As one of the oldest and the largest internet companies in China, Tencent has been increasing in value, and benefited its shareholders for a long time. Starting from the creation of QQ Chat (it’s own instant messaging platform – precursor to WeChat), Tencent has continued innovating – developing numerous games and applications. One of the main factors that contributed to the early success of the Tencent is their early entry to the online gaming industry (such as chess games), before online gaming became popular in China. Early entry into gaming, plus successful runs in a few hit games and products helped them become one of the top players in the industry.
In recent years, the growth of internet companies in China has hit a plateau, resulting in most of them seeking growth overseas, and particularly in Southeast Asia. A region with 600 million potential consumers, similar cultural practices (in many ways), makes is very attractive overseas market for Chinese companies and in this case, for Tencent’s overseas ambition.
However, ask many people (even in startups and tech) in Southeast Asia, they may know Alibaba but stumble when asked about Tencent.
Tencent’s footprint in Southeast Asia
When Tencent developed an interest in the Southeast Asian market, they ultimately chose a company in Singapore, then known as Garena (today it’s known as SEA) to invest in. Today, it seems like a brilliant move, having successfully profited from SEA’s massive IPO, and its success in the B2C and C2C space – through the online e-commerce platform, Shopee.
Tencent’s entry into Southeast Asia also resulted in it purchasing a company based out of Bangkok, Thailand – Sanook. In 2010, Tencent bought and owned 49.92% of Sanook. By 2016, Tencent had decided to buy out the whole company.
Sanook started in 1998, and was first launched to provide a web directory. It quickly became the biggest online platform in Thailand. After acquisition by Tencent, Sanook developed into a social media site that offers various forms of entertainment – such as music (JOOX), and online shopping (Sabuy).
Sanook.com claims to have at least 30 million active users, and as such is considered to be a very successful venture in Thailand, thanks in part to Tencent’s investment and expertise.
Transportation and Payments
One of the most recent, and sizable investments Tencent made was in an Indonesian ride-hailing company: Go-Jek. Launched in 2010, Go-Jek was just another company offering bike-hailing services, but it quickly found success in other ventures as well, more specifically in payments.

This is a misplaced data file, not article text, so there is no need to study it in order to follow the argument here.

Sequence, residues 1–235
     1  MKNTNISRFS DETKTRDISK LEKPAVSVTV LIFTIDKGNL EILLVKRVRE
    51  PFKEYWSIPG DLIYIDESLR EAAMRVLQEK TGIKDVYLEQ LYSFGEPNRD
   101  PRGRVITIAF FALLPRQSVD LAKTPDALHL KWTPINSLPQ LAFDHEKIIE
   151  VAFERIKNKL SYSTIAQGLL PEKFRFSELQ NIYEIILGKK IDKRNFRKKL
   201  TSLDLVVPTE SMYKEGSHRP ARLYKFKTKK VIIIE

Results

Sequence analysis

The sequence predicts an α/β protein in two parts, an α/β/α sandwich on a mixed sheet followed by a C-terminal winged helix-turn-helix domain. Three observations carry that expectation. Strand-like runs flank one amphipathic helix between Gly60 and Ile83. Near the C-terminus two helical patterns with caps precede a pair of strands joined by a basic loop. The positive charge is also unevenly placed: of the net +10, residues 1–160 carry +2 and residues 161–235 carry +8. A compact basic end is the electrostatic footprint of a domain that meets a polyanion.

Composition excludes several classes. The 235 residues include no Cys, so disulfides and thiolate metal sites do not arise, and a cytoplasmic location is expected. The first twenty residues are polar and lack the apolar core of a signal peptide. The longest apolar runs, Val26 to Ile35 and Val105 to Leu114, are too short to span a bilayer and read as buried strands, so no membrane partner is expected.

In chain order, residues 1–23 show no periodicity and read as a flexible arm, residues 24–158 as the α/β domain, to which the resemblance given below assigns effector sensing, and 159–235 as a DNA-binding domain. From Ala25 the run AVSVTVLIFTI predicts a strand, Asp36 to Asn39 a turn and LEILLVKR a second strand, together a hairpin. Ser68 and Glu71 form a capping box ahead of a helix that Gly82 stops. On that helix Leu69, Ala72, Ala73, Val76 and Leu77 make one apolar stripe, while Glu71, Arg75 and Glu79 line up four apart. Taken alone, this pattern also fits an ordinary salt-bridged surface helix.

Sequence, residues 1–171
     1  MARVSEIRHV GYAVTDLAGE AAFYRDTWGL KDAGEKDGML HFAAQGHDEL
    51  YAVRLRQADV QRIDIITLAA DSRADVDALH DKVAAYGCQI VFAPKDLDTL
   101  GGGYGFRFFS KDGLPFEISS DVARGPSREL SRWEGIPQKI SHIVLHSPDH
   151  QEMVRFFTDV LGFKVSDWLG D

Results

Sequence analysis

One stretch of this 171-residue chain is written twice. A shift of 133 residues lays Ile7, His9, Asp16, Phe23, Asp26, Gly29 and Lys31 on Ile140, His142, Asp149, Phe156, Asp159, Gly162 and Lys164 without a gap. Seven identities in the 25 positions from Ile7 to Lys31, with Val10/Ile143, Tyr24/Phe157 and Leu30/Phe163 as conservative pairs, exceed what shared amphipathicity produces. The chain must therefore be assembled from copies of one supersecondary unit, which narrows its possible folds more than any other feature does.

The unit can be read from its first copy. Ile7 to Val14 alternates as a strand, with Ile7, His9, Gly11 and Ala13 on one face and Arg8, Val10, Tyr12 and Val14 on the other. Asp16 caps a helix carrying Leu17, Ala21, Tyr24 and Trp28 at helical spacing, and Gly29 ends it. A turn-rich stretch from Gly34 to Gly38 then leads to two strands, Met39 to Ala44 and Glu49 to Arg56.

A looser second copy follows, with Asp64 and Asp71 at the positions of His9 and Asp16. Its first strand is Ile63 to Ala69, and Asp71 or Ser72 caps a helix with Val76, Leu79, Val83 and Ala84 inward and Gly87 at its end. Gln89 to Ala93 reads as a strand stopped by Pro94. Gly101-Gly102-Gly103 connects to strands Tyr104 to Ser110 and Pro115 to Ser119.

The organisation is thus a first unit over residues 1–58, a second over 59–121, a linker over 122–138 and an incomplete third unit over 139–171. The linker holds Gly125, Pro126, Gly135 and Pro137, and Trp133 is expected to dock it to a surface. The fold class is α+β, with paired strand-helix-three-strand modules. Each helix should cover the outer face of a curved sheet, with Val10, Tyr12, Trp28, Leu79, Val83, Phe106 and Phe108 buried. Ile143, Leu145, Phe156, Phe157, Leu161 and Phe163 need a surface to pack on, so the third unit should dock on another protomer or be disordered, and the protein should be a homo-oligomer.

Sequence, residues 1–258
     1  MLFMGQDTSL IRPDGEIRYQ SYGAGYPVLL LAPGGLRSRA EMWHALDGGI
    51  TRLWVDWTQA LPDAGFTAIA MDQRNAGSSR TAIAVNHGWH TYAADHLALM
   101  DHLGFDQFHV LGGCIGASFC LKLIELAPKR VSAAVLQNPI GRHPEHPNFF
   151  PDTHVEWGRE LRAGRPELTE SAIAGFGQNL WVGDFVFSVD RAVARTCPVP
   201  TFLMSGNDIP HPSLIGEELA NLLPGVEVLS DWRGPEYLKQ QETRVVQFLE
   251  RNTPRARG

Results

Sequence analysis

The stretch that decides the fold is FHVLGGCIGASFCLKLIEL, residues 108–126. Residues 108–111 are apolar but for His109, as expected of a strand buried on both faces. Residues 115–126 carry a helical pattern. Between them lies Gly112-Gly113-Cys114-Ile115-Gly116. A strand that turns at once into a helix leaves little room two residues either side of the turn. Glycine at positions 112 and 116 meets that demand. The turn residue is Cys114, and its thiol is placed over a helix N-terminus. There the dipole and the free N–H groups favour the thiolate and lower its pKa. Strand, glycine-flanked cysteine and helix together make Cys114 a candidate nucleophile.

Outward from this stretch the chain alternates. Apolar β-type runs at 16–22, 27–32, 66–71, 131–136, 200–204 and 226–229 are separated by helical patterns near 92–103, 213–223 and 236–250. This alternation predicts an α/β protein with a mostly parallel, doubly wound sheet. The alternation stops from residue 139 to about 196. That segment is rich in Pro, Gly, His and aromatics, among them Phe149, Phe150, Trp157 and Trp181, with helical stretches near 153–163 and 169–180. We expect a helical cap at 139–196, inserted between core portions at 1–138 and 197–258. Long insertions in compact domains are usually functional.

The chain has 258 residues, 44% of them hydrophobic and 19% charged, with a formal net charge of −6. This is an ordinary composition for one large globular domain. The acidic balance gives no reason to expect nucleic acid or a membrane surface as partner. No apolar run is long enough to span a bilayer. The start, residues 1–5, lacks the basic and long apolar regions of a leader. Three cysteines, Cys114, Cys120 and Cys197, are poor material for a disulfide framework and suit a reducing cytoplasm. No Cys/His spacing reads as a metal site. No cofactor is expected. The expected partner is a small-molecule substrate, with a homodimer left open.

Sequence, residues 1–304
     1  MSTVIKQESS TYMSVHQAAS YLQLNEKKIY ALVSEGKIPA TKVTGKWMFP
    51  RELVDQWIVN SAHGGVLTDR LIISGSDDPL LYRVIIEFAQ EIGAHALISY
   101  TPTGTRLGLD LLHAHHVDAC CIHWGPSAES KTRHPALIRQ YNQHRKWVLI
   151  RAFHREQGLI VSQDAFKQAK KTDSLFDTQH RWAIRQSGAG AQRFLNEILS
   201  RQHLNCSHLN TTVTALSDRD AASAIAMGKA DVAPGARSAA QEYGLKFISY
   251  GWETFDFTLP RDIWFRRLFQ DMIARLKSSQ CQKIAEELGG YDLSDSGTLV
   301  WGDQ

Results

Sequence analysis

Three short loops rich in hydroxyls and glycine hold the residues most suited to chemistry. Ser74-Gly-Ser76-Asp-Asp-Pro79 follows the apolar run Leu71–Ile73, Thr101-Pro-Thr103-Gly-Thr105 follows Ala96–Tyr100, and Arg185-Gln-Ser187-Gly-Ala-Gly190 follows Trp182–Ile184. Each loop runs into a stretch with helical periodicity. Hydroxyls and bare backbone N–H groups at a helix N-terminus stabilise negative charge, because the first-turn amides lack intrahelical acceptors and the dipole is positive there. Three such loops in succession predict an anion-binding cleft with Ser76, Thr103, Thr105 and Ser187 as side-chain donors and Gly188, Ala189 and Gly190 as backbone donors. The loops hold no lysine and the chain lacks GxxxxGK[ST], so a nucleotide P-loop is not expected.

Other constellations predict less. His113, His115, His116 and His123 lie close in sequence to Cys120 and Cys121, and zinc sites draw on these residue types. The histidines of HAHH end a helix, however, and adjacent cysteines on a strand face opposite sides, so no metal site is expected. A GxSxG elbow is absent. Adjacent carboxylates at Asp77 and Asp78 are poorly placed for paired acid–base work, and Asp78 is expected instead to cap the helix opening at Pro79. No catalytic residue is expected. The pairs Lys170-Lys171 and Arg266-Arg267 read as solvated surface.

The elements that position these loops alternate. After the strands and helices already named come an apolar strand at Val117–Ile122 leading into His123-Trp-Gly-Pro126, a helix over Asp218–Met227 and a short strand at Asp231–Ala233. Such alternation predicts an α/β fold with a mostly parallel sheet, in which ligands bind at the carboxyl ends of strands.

Gojek’s payments venture (Gopay) has made it very easy for users to top-up their wallet, via the bike-riders who are already serving their transportation network. In Indonesia, with more than 200 million users to boot, we don’t see why this is not a winning proposition, especially with Uber leaving the market (via merger with competitor, Grab).
Based on Tencent’s investment strategies in Southeast Asia, it can be viewed that they prefer to to invest in companies that are already winners in their home market. That said, Tencent’s dreams to build an enormous digital network, comprising of payments, online shopping, logistics, transportation and entertainment – is quite evident. Whether or not it will turn out well – will depend on a few factors, namely the competitors.
For starters, Tencent’s chief rival in China – Alibaba has its tentacles spread wide in Southeast Asia, in similar industries that Tencent is targeting (namely ecommerce and payments).
Alibaba may be taking the backseat in China (due to Tencent’s Wechat Pay), but it will not do the same in Southeast Asia. It too has set its dreams to conquer the massively lucrative markets of Southeast Asia. Their purchase of online marketplace, Lazada speaks volumes. It was calculated move, because the purchase also netted them Lazada’s payment business (HelloPay). Hellopay has since been rebranded, and it now seats on coveted payment licenses issued by the countries Lazada is currently operating in.
In addition, Alibaba also recently moved its chief of Ant Financial, Lucy Peng to helm Lazada – signalling that it is not prepared to lose the Southeast Asian market to anyone (including Tencent). While there are other competitors out there, no one else has the amount of firepower Tencent or Alibaba has. The way we see it, it’s down to Alibaba versus Tencent.
While it would be good to see more competition in this market, sufficient to say that Amazon has not really entered the fight, just yet. It is definitely testing out the Southeast Asian market, and their strategy remains to be seen.
Momentum Works believes that as Alibaba and Tencent (and perhaps Amazon) battles it out, they will continue to open more doors to more opportunities, jobs and investments to the Southeast Asian market. We definitely have no doubt that Southeast Asia is a very lucrative market (although fragmented), that’s too good to give a pass.
However, one thing’s for sure, we have not yet fully witnessed the all-out fight between these tech giants. If anything, it has only just begun.
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